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The banquet bug
Geling Yan
Adult Fiction YAN

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From Publishers' Weekly:

Yan, whose short fiction was the basis for the movie Xiu Xiu: The Sent-Down Girl, offers a pointed critique of capitalism's rise in her native China. A multifaceted mistaken-identity farce, Yan's novel chronicles the adventures of Dan Dong, a laid-off factory worker who wanders into a lavish banquet where journalists are wined and dined and receive "money for your troubles" fees for listening to-and hopefully reporting on-the presentations of corporations and charities. Dan quickly orders business cards that "said he was a reporter from some Internet news site," and hops aboard the banquet gravy train. Yan revels in the absurdity of her premise, and her over-the-top descriptions of banquet fare underscore her outrage at the few who gorge themselves on "animals from remote mountains and forests" while millions starve. The story changes gears, though, when Dan's reportage leads him into a dangerous, far-reaching scandal and he is arrested during a crackdown on "banquet bugs." Yan's concept is clever, but wooden dialogue and some awkward descriptions make it clear that English is not her mother tongue, though this also leads to some seductively nuanced moments ("He smells rather than hears her words carried on her smoky breath") that hint at her enormous potential. (July 11) (c) Copyright PWxyz, LLC. All rights reserved

From Library Journal:

Yan's first book to be written in English exposes corruption and scandal in the author's native China. At its center is Dan Dong, an unemployed factory worker living in Beijing and scrimping by with the help of his loyal and loving wife. Sumptuous gourmet offerings tempt Dan to become a "banquet bug"-someone who uses a false identity to eat freely at state-sponsored banquets. While masquerading as a journalist to savor exotic fare like peacock and shark fin, Dan is introduced to distasteful acts of bribery, fraud, and institutionalized brutality and abuse largely victimizing rural residents and women. As time passes, he is reluctantly drawn deeper into endeavors that expose moral decay almost everywhere. Readers will enjoy Yan's juxtaposition of epicurean delights with Dan's experience of dark gruel and canned food beyond expiration. Ultimately, Yan's well-paced novel questions the media's place at the table with corporate and government representatives as much as it finds China's emerging capitalism unappetizing. This book's predictable success, plus Yan's previous achievements with short story collections (e.g., White Snake), demonstrate why Yan is among the few Chinese authors to receive critical acclaim both in the United States and in mainland China. Highly recommended.-Faye A. Chadwell, Univ. of Oregon Lib., Eugene (c) Copyright 2010. Library Journals LLC, a wholly owned subsidiary of Media Source, Inc. No redistribution permitted.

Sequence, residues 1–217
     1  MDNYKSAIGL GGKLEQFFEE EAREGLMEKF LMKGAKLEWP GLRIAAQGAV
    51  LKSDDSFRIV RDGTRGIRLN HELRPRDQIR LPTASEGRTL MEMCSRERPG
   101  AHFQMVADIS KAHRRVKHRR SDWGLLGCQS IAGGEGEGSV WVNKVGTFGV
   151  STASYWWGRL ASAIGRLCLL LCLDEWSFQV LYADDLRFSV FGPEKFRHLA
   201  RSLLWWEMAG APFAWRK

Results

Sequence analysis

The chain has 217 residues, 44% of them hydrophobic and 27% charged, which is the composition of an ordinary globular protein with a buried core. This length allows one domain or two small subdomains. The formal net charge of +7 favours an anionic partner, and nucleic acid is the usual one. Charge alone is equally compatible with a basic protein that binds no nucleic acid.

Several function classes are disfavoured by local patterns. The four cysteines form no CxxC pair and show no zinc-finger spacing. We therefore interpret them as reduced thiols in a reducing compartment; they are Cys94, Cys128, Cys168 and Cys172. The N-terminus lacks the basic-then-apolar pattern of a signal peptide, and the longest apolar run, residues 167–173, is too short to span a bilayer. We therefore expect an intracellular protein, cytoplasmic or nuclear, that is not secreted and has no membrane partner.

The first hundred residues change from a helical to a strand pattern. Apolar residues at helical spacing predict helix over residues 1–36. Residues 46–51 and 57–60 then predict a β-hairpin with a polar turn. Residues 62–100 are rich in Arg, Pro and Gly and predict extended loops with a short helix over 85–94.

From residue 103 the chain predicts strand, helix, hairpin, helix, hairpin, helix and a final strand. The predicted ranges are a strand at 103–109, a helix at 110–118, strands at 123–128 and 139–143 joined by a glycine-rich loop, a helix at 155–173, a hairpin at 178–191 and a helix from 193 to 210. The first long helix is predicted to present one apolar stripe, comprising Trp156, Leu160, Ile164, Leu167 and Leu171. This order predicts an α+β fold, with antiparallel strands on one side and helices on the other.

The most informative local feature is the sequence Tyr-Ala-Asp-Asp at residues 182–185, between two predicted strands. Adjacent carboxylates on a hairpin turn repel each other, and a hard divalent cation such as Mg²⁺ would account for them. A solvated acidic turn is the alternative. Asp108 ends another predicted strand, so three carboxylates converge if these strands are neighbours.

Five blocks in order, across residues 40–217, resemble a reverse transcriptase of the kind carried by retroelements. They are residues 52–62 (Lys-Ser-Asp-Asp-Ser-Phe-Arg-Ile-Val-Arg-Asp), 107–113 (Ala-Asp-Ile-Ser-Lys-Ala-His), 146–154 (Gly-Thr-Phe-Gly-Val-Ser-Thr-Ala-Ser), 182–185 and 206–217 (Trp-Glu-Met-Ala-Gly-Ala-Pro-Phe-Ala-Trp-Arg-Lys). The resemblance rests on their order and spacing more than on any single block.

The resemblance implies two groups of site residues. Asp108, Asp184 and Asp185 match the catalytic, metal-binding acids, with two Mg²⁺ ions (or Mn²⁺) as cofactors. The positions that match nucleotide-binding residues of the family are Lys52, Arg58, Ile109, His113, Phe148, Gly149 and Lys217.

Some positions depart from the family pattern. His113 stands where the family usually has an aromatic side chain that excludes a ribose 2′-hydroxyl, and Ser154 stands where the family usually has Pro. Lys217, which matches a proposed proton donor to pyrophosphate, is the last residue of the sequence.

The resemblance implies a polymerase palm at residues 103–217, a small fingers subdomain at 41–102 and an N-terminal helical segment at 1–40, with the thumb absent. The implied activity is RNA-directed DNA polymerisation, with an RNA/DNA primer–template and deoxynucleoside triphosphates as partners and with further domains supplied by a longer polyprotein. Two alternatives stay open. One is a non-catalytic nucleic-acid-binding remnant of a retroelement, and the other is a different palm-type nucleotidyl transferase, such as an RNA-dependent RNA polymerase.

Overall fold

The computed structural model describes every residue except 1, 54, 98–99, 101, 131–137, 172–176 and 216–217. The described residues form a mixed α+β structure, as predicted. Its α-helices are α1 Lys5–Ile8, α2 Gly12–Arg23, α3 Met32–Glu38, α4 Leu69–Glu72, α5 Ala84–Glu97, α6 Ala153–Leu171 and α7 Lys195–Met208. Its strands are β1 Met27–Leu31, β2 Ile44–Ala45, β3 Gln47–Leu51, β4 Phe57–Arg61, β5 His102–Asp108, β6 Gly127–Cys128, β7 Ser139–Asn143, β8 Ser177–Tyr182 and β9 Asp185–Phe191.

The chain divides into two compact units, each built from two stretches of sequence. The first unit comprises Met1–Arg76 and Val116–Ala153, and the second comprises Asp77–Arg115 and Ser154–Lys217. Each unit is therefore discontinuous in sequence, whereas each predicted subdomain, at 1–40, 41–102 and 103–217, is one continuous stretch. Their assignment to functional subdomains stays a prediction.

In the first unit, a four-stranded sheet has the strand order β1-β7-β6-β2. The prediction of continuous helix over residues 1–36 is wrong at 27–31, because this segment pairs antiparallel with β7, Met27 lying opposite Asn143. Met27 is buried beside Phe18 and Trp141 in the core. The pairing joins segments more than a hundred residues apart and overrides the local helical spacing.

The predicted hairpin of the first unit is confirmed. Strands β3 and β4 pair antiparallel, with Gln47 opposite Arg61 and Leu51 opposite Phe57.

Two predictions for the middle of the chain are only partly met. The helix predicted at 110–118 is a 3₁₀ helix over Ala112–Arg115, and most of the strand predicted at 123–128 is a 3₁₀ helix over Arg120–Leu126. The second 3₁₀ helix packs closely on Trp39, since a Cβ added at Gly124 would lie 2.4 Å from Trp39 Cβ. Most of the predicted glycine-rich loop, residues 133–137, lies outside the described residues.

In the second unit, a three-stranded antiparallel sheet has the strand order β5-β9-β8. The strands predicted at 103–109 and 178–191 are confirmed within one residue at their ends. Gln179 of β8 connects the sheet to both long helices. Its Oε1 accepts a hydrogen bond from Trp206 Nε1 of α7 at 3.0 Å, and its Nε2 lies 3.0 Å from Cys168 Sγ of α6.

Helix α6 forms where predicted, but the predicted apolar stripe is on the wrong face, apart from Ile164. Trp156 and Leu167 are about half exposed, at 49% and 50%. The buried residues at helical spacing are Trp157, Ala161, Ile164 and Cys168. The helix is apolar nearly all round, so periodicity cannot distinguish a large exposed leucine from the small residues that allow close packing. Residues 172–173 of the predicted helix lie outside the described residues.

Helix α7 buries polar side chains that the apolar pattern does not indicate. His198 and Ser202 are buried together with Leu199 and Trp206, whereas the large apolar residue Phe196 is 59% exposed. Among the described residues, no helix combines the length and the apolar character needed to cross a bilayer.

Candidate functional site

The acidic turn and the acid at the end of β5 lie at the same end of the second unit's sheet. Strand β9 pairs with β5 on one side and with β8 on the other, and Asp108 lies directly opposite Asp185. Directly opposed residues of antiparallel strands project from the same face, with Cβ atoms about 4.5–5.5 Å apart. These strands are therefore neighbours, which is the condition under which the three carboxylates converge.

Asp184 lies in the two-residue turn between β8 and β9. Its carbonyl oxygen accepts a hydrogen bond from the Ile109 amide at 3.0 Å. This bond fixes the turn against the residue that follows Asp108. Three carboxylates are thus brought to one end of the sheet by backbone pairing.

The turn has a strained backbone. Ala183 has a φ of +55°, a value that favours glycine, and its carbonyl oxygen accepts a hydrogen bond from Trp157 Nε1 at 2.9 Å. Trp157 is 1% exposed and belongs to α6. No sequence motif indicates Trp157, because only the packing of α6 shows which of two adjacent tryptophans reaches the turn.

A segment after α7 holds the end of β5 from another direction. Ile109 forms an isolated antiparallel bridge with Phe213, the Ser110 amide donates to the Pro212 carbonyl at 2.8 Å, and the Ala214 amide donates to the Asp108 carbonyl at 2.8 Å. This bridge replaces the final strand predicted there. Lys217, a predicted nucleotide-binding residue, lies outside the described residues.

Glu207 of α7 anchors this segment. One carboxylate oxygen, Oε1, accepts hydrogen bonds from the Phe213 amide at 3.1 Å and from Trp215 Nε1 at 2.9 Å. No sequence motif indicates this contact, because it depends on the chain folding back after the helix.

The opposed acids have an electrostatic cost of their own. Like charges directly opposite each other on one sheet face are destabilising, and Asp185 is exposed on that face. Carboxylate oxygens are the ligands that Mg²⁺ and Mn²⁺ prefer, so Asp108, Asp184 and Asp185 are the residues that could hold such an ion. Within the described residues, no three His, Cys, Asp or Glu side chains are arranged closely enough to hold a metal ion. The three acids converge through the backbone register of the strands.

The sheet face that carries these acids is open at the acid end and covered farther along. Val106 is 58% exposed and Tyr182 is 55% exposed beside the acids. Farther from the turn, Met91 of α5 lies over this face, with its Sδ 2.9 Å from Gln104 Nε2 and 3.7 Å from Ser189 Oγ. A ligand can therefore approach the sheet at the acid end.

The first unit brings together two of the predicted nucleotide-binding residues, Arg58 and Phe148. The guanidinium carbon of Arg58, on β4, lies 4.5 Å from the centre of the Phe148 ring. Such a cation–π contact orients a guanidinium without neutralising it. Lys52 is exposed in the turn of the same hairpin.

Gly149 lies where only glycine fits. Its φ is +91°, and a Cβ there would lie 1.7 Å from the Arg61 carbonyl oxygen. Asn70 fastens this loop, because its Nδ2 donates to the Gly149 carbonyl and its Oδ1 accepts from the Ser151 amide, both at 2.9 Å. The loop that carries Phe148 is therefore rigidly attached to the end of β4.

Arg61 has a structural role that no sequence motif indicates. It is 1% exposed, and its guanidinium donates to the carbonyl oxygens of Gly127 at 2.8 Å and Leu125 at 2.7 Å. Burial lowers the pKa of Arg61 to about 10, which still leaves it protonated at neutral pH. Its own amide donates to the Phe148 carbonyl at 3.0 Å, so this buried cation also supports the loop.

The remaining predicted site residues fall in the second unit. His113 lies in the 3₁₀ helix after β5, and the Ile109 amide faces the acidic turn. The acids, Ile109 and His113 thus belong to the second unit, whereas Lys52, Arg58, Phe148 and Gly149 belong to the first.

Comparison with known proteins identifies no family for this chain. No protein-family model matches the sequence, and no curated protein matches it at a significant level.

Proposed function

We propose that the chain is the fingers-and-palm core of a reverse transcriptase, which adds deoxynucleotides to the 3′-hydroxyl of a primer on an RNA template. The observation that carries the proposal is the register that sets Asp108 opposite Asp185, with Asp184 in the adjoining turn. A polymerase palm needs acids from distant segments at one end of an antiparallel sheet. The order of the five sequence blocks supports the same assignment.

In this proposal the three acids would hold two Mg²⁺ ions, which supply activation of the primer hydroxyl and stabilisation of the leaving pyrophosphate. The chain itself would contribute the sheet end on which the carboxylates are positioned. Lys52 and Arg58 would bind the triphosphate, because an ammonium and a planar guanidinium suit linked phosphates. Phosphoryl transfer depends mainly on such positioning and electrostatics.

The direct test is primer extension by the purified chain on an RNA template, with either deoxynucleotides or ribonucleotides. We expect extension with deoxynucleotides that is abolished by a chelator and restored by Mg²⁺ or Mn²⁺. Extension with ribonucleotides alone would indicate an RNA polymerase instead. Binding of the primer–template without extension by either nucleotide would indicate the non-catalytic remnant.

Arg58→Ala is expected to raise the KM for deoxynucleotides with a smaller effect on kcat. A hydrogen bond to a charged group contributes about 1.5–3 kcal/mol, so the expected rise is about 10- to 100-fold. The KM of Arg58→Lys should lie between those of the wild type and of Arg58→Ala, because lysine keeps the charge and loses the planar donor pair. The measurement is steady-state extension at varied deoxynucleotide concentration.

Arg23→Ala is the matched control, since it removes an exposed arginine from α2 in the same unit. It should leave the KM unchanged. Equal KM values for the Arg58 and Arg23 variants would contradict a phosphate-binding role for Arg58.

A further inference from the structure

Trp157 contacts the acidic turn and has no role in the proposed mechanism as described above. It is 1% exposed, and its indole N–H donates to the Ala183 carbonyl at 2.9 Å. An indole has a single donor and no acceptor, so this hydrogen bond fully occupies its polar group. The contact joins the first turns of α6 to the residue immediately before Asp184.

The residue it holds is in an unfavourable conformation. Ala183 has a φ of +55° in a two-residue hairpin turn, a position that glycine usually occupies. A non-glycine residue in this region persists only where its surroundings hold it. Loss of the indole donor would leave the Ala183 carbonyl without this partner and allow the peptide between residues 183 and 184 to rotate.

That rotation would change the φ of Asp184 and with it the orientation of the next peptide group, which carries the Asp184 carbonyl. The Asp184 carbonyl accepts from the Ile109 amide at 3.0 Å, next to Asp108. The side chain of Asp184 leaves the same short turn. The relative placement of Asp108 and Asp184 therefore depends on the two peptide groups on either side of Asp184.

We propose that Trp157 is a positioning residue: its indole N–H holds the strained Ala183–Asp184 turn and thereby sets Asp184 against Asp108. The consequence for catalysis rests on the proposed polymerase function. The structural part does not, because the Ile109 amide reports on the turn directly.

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main characters Dan Dong
Laid off; factory worker; pretends to be a journalist so he can attend banquets for free; struggling to separate his false and real identities.

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